Ari Yehudit Richter, my assistant director and I traveled to Eastern Slovakia every week and sometimes it happened that the candidates we came for did not even turn up and that, although we had contact with them on Facebook on a daily basis, often also one hour before the beginning of the casting. Then it was mostly “I have to take care of my brother” or “I have to work.” That’s just a different mentality. When we happened to see Roman at a sports festival near the largest slum in Richnava, it was clear to me: that he could be the right main male character. With an aggressive haircut, piercings, leather jacket and smoking, a sensitive teenager was hidden behind his armor, but he was not allowed to be sensitive in his settlement. Roman also got a small scene to prepare. We had to give money to Marek Horvath – a Rom from Romans Slum, with whom our caster has already worked on CIGÁN – to make sure that Roman comes to the casting and does not shave his hair any further. After realizing that Roman could be Pepe, we brought Simona and František Balog, who plays Rocky and is the only one in whole Slovakia, who has a permanent position as an actor at the State Theater, to see how they harmonize. There was a second candidate for the role of Pepe at the time, but when Simona became totally nervous in Roman’s presence, it was clear: it is novel.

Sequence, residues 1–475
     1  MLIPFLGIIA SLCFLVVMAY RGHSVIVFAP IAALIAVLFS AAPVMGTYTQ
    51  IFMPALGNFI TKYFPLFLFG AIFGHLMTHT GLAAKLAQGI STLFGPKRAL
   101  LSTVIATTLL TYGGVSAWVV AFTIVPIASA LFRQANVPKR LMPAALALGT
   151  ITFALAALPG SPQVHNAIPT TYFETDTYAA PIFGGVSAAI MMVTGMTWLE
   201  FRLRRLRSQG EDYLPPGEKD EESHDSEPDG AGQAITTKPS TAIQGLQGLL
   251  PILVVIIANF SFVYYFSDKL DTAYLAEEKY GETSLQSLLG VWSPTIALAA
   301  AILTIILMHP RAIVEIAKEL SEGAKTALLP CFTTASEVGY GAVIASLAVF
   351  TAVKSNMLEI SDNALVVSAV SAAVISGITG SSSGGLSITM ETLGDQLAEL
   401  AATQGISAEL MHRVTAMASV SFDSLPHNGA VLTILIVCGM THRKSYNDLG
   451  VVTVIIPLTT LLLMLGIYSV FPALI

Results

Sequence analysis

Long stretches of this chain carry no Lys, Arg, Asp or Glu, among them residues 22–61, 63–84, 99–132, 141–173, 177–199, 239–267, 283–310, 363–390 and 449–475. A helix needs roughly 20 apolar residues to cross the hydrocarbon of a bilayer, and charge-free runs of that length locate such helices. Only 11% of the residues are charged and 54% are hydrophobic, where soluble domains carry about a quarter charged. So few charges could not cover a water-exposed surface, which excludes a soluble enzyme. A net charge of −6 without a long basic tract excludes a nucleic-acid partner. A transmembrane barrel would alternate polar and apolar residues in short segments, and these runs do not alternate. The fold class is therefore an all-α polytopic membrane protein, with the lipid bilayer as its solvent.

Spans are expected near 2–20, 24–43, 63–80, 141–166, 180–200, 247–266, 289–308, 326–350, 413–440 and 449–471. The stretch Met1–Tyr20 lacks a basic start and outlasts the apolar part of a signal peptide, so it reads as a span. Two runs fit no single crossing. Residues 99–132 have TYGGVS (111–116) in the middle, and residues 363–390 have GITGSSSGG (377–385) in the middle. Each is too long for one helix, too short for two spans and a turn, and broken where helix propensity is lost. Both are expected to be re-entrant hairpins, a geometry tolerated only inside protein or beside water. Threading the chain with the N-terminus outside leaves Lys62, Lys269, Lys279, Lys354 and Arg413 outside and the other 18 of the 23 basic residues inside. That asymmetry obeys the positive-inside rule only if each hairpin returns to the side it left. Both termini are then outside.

But it was often the case that they only speak Romanes and no Slovak in a slum and ten kilometers away it was the complete opposite.